I believe that at some point in my career, I will have a vote in baseball’s most widely recognized year-end awards. Whether this will be the result of a change in what constitutes the “most widely recognized” awards, or an evolution in the restrictive qualifications for voting on the ones currently holding that distinction, I do not know.

Until then, I’ll treat my Internet Baseball Awards ballot with the seriousness it deserves, and encourage all of you to vote this week in the IBAs.

American League MVP

  1. Alex Rodriguez
  2. Pedro Martinez
  3. Manny Ramirez
  4. Roy Halladay
  5. Jorge Posada
  6. Bret Boone
  7. Nomar Garciaparra
  8. Carlos Delgado
  9. Esteban Loaiza
  10. Vernon Wells

Honorable Mention: Bill Mueller, Eric Chavez, Alfonso Soriano, Jason Giambi, Carlos Beltran.

I’m certain that Rodriguez is the AL MVP. There was no one terribly close to him in value, and I have an established preference for players at up-the-middle positions that kept Ramirez safely away.

The next seven players could be in almost any order and I wouldn’t argue. I emphasized the pitchers because the position players all seemed to have some negative marker. Martinez and Halladay were the two best hurlers in the league in a year when there were few great MVP-candidate players, and they both had a massive impact on their teams.

American League Cy Young

  1. Pedro Martinez
  2. Roy Halladay
  3. Esteban Loaiza
  4. Tim Hudson
  5. Damaso Marte

The Martinez vs. Halladay debate came down to quantity innings vs. quality. I went with Martinez, but it was very close. The difference between the two is 80 innings of 5.62 ERA ball, which means that the additional innings for Halladay are just shy of replacement-level. That’s not to say that they don’t have value, just that the gap between he and Martinez in terms of run-prevention is pretty steep.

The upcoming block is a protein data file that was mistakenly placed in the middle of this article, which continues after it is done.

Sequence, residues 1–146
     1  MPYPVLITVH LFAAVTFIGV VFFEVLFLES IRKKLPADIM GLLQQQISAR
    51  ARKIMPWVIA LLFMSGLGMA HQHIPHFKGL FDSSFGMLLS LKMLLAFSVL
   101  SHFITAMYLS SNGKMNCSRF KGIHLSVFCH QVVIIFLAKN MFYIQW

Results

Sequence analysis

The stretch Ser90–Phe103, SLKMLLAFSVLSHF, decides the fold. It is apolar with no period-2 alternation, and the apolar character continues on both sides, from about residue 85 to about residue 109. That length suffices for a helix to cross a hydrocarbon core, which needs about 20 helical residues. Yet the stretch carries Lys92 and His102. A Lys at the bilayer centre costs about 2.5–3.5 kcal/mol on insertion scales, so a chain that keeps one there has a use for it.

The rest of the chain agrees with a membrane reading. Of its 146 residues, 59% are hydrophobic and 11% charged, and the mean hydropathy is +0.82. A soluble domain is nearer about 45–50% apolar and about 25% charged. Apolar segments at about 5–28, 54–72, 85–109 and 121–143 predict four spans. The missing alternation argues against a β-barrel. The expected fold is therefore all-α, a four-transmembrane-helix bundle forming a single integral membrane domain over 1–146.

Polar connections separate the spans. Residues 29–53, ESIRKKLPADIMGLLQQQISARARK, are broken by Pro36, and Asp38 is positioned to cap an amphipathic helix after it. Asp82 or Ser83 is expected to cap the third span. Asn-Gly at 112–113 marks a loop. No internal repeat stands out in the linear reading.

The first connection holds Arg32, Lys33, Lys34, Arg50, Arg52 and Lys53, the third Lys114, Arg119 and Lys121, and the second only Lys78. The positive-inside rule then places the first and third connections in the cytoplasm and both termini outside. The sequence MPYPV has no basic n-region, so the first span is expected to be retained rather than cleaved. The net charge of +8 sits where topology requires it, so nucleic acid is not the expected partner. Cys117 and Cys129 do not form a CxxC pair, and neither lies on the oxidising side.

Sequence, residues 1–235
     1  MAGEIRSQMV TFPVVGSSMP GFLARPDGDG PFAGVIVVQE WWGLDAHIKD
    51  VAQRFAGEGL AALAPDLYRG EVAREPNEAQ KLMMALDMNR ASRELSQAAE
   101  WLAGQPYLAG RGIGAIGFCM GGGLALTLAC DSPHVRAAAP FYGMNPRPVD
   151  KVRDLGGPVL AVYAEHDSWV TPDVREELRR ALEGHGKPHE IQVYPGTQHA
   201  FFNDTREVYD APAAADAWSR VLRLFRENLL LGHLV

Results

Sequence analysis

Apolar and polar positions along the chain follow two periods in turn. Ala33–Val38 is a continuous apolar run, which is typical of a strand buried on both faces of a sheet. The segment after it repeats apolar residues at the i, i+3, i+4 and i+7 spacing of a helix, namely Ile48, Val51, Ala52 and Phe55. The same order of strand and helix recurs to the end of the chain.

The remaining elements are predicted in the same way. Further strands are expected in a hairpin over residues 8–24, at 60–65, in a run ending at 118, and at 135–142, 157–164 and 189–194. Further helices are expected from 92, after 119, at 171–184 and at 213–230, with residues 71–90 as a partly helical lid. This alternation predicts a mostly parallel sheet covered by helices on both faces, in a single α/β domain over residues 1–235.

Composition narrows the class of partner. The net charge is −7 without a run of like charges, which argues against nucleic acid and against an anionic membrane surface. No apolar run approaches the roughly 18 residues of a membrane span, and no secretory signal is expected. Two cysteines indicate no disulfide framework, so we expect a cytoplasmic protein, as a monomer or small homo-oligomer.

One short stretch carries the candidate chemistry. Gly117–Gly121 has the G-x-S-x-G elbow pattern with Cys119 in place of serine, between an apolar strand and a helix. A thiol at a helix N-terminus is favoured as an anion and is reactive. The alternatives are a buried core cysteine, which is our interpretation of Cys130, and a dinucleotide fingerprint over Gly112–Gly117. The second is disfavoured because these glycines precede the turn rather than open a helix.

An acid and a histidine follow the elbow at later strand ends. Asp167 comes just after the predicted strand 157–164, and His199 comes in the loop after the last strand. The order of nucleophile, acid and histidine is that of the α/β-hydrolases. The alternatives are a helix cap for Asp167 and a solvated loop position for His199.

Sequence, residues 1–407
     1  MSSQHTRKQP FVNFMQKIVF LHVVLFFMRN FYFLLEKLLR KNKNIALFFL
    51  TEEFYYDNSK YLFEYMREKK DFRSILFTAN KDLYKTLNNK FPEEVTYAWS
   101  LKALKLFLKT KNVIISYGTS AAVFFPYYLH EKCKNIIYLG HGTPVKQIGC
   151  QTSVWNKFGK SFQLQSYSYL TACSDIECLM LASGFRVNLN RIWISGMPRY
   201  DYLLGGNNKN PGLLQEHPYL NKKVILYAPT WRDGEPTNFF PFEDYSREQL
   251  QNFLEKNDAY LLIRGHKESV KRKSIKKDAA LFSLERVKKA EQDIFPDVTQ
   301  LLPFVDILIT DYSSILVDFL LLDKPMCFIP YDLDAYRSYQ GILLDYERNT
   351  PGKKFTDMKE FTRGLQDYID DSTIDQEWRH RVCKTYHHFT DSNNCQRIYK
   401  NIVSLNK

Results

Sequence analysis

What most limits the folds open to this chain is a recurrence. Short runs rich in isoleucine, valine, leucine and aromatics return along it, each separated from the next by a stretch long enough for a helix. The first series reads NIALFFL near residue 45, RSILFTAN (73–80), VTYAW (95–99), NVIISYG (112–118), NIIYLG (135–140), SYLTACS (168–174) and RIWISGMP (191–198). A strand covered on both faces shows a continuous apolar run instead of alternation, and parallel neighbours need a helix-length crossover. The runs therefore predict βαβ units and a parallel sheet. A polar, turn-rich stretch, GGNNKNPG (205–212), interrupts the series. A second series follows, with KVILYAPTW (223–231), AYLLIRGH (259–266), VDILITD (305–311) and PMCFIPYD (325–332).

Both pitchers got an edge over Loaiza in terms of the quality of opposition faced, as the White Sox right-hander piled up a lot of innings against the Tigers and Indians. Hudson was the best of the A’s starters this year. Marte is something of a stealth pick, but it was impossible to separate the three better-known relievers (Shigetoshi Hasegawa, Keith Foulke and Brendan Donnelly), and Marte was actually a bit better than all of them by VORP, while holding his own in all other areas.

American League Rookie of the Year

  1. Angel Berroa
  2. Hideki Matsui
  3. Francisco Rodriguez

Could we save the “Japanese pros aren’t rookies” argument for a year in which one actually deserves hardware? Matsui was durable and played good defense, but he didn’t hit all that well; Berroa outplayed him across the board and is hands-down the most deserving AL rookie.

Rocco Baldelli is exciting and fun and has lots of potential and a great name. He also had a .326 OBP and made nearly 500 outs.

American League Manager of the Year

  1. Tony Pena
  2. Carlos Tosca
  3. Grady Little

Pena is the default pick; did any other AL team exceed expectations this season? Tosca is #2 to recognize that the Blue Jays won 86 games and no one noticed; the Twins won the Central with 90 wins, the Cubs the NL Central with 88. Little is third because he didn’t actually kill anyone in April, and he used the flexible roster given him pretty well.

Really, though, I could happily submit a one-name ballot, and it’s not like I think Tony Pena is Joe McCarthy for the 21st Century. I’d be astounded if the Royals won 75 games next year.

National League MVP

  1. Barry Bonds
  2. Albert Pujols
  3. Gary Sheffield
  4. Javy Lopez
  5. Marcus Giles
  6. Eric Gagne
  7. Edgar Renteria
  8. Scott Rolen
  9. Todd Helton
  10. Mark Prior

Honorable Mention: Jason Schmidt, Jim Thome, Jim Edmonds, Rafael Furcal, Richie Sexson.